Detachment Battle: Mass Combat in ItO?

I have claimed, based on what I read in the rules, that the “Detachments” (= larger groups in combat) from Into the Odd / Electric Bastionland are not very useful for actual Mass Battles because they are too vague and appear to need an obscene amount freehand corrections on the part of the GM / conductor.

But assumptions are not enough, are they? So I will attempt such a battle anyway, using some actual example detachments that were posited by the creator of the rules system.

Veteran Musketeers versus rookie guards.

Basics of the background:

ItO combat has no “to-hit” rolls, instead targets have a “hit protection” value. Every attack is basically something like an “auto-hit”, which can be negated as long as HP (hit protection, not points!) hold out. Once they are depleted, the target takes actual damage, and that goes off the STR stat.

For this reason, the most important two stats of a detachment are HP (avoids damage) and STR (suffers damage)

A unit / detachment that has lost all STR is wiped out. A detachment that fails a STR save (d20 roll under) after taking casualties is “broken” and needs to rally again to keep fighting.

If that sounds like fights might be very short, yes, fights can be extremely short! However, individuals don’t die easy. If they are taken out of a fight, they usually still live for an hour. Plenty, plenty of time for someone to come along and maybe save them.

Detachments die easier, although what “dying” for a detachment means is left to GM fiat.


The Veterans (9 hp, STR 12) feel that the guards (two units of 2 hp, STR 8 each) that protect the objective are too much of a gamble for a head on attack, so they need tactics. They pay a bunch of lowly street thugs (7 hp, STR 10) to create a diversion by attacking the back of the target building.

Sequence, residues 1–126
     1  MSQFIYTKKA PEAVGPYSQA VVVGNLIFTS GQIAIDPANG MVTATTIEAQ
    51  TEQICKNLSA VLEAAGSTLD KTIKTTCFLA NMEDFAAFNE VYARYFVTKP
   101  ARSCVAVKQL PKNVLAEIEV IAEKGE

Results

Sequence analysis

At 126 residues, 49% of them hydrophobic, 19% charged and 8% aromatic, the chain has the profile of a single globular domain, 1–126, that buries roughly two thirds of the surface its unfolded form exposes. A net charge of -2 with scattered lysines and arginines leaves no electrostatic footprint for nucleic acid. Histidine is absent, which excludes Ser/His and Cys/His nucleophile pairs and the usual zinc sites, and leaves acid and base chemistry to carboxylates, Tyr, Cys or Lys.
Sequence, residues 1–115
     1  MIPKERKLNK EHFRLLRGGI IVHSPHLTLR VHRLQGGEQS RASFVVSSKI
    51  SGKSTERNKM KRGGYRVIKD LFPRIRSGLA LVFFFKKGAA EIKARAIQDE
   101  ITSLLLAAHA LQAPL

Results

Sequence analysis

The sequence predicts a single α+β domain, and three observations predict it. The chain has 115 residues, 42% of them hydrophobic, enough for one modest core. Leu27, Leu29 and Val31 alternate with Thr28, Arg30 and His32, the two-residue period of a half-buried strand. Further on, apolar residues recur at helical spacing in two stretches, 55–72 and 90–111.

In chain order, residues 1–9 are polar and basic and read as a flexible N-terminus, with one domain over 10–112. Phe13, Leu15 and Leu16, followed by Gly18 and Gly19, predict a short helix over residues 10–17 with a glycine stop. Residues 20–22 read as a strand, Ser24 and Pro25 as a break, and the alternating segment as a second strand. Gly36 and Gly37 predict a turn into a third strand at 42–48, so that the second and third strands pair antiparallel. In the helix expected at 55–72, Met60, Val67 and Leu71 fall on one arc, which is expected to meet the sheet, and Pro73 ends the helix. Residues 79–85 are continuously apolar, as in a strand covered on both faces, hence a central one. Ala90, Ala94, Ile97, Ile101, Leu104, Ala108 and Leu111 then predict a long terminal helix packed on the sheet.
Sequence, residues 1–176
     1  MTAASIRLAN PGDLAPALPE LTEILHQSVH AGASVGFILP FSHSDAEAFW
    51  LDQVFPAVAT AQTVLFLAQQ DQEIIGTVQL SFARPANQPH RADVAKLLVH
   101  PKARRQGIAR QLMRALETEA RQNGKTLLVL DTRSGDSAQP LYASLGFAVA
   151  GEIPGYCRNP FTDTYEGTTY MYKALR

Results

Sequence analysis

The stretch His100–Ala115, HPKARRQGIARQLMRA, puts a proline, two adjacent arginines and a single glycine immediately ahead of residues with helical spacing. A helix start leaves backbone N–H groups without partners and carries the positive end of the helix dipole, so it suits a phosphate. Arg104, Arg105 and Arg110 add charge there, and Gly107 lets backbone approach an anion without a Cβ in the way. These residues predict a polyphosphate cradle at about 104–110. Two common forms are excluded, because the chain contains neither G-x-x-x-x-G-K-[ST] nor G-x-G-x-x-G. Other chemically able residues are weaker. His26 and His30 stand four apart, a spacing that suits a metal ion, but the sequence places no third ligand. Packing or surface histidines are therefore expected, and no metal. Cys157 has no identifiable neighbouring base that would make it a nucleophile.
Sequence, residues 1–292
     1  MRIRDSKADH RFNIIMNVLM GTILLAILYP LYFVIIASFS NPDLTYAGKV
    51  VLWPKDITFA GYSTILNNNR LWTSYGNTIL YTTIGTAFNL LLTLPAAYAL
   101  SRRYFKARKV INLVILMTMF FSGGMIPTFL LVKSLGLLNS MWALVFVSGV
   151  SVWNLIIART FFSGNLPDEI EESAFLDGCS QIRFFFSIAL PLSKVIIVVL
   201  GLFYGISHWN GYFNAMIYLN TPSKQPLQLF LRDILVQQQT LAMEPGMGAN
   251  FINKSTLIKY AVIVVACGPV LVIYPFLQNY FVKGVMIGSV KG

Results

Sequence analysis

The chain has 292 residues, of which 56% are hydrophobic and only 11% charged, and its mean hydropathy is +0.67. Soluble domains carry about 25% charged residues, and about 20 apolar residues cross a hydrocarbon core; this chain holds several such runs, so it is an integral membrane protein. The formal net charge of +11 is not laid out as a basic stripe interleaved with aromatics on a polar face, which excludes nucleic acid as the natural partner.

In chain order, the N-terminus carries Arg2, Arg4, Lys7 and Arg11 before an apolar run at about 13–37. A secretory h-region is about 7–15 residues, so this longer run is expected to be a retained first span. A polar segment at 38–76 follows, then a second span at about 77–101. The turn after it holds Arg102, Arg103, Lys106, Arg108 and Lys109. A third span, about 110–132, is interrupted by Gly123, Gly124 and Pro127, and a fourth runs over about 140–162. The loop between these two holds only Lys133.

The attack is going to happen at night.


The Veterans stay in hiding, ready to strike after the diversion goes off. That diversion being the attack of the thugs. Now, the thugs strike, and here comes the narrative steering: Since the thugs have no advanced weaponry they cannot really attack the noob musketeers, they can only make a ruckus and draw attention.

So they don’t get to roll their attack, decides the GM.

The noobs on the roof have no such disadvantage. They go ahead and challenge the intruders, warning them and aiming at them. This can be considered an attack on their mind (WIL). so we roll their musket attack die of

We roll a 1, the thugs can take a bit of a threat and laugh it off, but their hit protection goes down to 6.

This is the moment of our veterans: they attack the second rookie detachment that is still minding the front door. Since they attack comes as a surprise, it gets enhanced. We roll a d8 and a d12 and take the higher result.

The d8 shows us a 2, the d12 shows a 12. Bad news for the rookies. The 12 goes through their hp of 2 AND through their STR of 8 like through wet tissue paper, and the guard unit is wiped out.

Defending the target

The second rookie unit recognizes the graveness of the situation and turn to the front, ignoring the thugs.
Now who will strike first? A DEX save for each side will tell us. The rookies fail their DEX save less hard than the vets, so they get to attack from their rofftop position.


The vets have a hit protection of 9, so 1 remains, and they suffer no losses so far. They get to shoot back, and ALSO roll 8!

That dismantles the rookies’ hp of 2 and cuts down their STR from 8 to 2.
Hard to avoid critical damage there.

Rolling a d20 against 2, we fail, so the sole survivor of our rookie detachment surrenders.

The veterans won.

The weaknesses of the system are obvious

But what if we had rolled a 1 just now? Despite all losses, our lone survivor would have gotten to roll another d8 aganst the vets, and if that would have been another 8, he would have taken them down to 5. They would then have a 75% chance to break and run.

Not bloody likely, given their serious advantage in numbers and strength. Who is that lone survivor, John McClane?

The system is too dependent on the dice and absolutely dependent on conductor overruling.

I believe my earlier instinctive assessment is right: The Electric Bastionland Detachment rules are not really useful for Detachment versus Detachment engagements, and even for Detachment versus party members, the game would be more interesting by splitting them up into single foes to outwit or overcome. In an actual game, the best way to go is by narration and GM fiat., and by using a single luck die in case of ambiguity.

Forget all of this.
ItO / EB is simply not built for a battle model: it is not built for the complex or precise, it is built for speed and simplicity.


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